Water In Costa Rica, Part Two

If you ask the World Bank or one of the mega-water corporations (e.g., Coke, Nestle, Vivendi), fresh drinking water is a commodity. If you ask virtually everyone else in the world (including the United Nations), fresh drinking water is a basic human right. Whether it is the encroachment of privatization or Nicaragua’s plan to divert the San Juan River[1], water in Costa Rica is an increasingly lively topic.

Water is a necessity.

One of the most popular questions for potential property owners is, “What is the water situation for this property?” Most of these new investors come from North America and Europe, areas that have hundreds of years of infrastructure development.  However, this southern Pacific region of Costa Rica is still early in the cycle of development.  We continue to see rapid growth in communications (cell phones and high speed internet), power (high tension power lines), and roads (the newly paved Costanera between Quepos and Dominical).  That being said, cell phones are a luxury, but water… is a necessity.

Property In A Development

Most quality developments have a water system that has been installed by the developer.  The most common sources for these systems are high flowing springs, and in some cases surface water (e.g., creeks and rivers).  Some developments, like Osa Estates in Uvita, even have back-up systems and extensive water storage capabilities.  The interesting thing is very few developments actually have a concession (permission to extract water from the ground).  The good news is the majority of them are “in process”.  Either way, the developer usually provides the property owner a prevista (water right document) which guarantees use of water into the future (assuming the property owner is in compliance with established CC&Rs and other laws).  Proof of a water document, like a prevista, is also required by the local Municipality before they will approve any construction project on a property.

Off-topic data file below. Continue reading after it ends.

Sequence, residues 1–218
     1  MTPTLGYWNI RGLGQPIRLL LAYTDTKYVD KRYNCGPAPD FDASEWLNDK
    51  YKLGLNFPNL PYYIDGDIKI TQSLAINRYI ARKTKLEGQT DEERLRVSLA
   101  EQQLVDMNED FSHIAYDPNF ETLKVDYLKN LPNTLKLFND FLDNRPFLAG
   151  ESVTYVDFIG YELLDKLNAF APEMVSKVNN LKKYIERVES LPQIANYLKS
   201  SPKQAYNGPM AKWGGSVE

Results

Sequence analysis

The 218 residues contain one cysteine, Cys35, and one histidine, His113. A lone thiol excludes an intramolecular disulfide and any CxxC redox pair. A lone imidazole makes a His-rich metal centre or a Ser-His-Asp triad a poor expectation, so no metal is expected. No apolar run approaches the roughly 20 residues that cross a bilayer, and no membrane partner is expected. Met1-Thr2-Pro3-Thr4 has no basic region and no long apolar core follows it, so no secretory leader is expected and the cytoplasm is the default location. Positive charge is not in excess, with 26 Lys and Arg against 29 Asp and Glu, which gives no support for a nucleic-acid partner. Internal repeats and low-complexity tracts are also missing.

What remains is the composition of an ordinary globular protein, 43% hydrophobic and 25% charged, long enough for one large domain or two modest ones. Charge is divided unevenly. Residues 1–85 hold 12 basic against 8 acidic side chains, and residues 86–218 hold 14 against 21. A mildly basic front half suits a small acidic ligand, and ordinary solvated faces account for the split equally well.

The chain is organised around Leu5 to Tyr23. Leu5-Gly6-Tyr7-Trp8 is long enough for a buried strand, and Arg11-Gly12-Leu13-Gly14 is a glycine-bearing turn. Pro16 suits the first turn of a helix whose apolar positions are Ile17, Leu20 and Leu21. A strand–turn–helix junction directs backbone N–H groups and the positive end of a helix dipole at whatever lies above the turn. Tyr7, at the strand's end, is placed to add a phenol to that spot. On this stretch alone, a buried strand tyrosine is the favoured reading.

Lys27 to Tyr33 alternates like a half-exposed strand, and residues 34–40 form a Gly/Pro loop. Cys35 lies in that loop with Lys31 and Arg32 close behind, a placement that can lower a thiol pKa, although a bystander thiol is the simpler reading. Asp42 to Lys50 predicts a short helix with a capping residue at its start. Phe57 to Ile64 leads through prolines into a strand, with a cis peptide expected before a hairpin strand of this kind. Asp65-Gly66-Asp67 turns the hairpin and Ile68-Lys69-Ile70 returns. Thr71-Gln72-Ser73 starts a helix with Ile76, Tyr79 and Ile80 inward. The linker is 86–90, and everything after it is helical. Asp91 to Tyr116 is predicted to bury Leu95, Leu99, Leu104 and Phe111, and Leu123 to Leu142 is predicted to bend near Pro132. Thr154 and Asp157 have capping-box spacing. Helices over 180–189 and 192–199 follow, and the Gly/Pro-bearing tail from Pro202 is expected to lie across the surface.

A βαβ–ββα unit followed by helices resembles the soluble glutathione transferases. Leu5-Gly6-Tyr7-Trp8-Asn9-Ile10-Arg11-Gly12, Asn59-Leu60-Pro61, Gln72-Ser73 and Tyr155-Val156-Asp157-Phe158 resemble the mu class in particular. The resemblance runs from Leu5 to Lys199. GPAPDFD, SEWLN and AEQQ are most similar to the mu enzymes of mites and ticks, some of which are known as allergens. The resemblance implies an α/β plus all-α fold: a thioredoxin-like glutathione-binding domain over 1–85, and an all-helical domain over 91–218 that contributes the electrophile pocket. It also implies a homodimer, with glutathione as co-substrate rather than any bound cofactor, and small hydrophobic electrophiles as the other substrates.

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Houses In Our Future

For those with construction experience and a desire to build houses in a foreign country, this where there may be money to be made. The crystal ball formula is– buy a cheap ocean view lot, no more than 10 minutes from the Costanera (our paved coastal highway), and build an affordable house with a swimming pool. The main question we anticipate from potential builders is…

Uproar Over Project Shut Downs

Yesterday started off as a typical, glorious Costa Rica morning. Rod and I got an early start with San Buenas Golf Resort Project Manager Larry Breau, walking the golf course project. This involved a drive from our Uvita Costa Rica office towards the south about 20 minutes. There was a slight delay in travelling south due to to ICE (pronounced ee-say), which is the monopolistic agency here in Costa Rica in charge of telecommunications. They are running a new grid of lines to accommodate the rapid growth in the zone. No problem, just a 5 minute wait.

We had a full morning of rubber boots, machetes, broad rimmed hats and a liter of water reviewing the project.

In driving back to the office we encountered a line of cars backed up. Thinking it was ICE we sat patiently waiting. A number of people had turned off their cars and were milling about in the road, talking, some with exaggerated arm gestures. One gal walked by and upon seeing the lighter shade of our skin (assuming that meant English is spoken) she approached us and asked what the hold up was. We very authoritatively informed her what was going on with ICE. Turns out we were dead wrong. This was a road block caused by angry protesters out in front of Crystal Ballena, a local hotel and restaurant where a high level meeting was in its second day.

Costa Rica government officials met with developers and the local Osa government departments to discuss some of the project closures that were the result of an inspection sweep

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